CBC is recognised as ‘a beacon of good practice’

We’re so pleased, we’ve done it again! We’ve passed our Investors in People assessment 🙂

This is the fourth time we’ve passed, and things just seem to get better each time we’re assessed. This time, our assessor Jim (regular and long-standing readers of our blog will know that he’s assessed us every time) went as far as to say that we’re a ‘beacon of good practice’:

“Work-life balance is embedded as a company ethos. This is a real strength of Chazbrooks and other organisations could learn a lot from them.”

Passing is no easy task, though. The assessment involves one-to-one interviews, phone interviews and discussions, and Jim also examines our working environment and company documentation like business plans, appraisal documentation, training plans and training evaluation reports.

We now have nearly 10 years experience with Investors in People assessments, and are putting it to good use! We help our clients with their own Investors in People assessments. By advising on the structure and content of company documentation as a whole, we help our clients save time and money and ultimately, gain the Investors in People accreditation. Also, as a team of writing experts, we ensure that the messages in the documentation are well communicated.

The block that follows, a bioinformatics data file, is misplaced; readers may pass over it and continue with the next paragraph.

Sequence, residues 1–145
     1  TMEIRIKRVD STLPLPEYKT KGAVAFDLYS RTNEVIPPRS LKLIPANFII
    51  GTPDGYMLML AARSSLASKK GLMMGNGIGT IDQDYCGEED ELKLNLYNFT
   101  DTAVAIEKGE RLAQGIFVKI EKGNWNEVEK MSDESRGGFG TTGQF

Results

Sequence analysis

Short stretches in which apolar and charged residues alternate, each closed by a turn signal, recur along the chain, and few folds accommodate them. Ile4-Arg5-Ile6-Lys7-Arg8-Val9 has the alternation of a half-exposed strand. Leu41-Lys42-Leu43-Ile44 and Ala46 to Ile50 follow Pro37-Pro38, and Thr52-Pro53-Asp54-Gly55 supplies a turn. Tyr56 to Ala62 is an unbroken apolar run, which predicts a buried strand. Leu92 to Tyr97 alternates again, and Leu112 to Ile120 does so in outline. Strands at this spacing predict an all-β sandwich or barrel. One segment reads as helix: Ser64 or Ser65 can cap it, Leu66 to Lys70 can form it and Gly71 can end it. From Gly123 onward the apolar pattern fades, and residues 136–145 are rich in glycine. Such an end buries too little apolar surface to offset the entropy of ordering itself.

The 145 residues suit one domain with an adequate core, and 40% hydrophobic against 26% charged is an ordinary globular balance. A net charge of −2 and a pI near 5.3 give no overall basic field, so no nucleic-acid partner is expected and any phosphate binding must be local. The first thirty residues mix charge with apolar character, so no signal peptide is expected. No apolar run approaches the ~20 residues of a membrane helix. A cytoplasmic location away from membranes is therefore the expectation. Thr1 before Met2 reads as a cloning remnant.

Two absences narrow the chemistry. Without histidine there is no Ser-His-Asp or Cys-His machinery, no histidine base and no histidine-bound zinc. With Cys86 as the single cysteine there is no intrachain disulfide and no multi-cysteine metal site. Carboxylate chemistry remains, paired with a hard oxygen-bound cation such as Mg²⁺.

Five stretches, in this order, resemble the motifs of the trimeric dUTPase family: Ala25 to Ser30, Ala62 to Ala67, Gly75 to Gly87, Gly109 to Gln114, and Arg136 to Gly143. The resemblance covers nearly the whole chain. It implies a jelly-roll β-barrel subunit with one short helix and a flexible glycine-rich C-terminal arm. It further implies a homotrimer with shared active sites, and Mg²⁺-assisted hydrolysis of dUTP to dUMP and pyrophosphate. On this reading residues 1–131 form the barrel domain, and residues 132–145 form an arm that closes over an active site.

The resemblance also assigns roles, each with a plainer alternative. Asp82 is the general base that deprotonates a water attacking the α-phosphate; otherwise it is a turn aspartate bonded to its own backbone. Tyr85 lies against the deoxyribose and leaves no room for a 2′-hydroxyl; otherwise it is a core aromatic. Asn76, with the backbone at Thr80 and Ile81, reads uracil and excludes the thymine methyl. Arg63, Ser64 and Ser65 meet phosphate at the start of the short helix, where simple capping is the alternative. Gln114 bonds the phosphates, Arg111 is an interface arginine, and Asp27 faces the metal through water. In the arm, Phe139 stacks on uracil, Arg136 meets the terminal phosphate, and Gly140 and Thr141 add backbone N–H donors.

For us, Investors in People isn’t just a certificate for the wall. It’s a business marker – proof that we take time to make sure we are a team that are positive, motivated and efficient, and proud of the service we offer. And as a result, our clients get to deal with enthusiastic professionals who deliver great, cost effective campaigns.

By investing in our team, we are investing in our clients!

For more info on how we can add value to your company, tweet us at @PRexpertsUK, email us at chazb@brookscomm.com or call all on 01483 537 890. Look forward to hearing from you!

The Social Media Revolution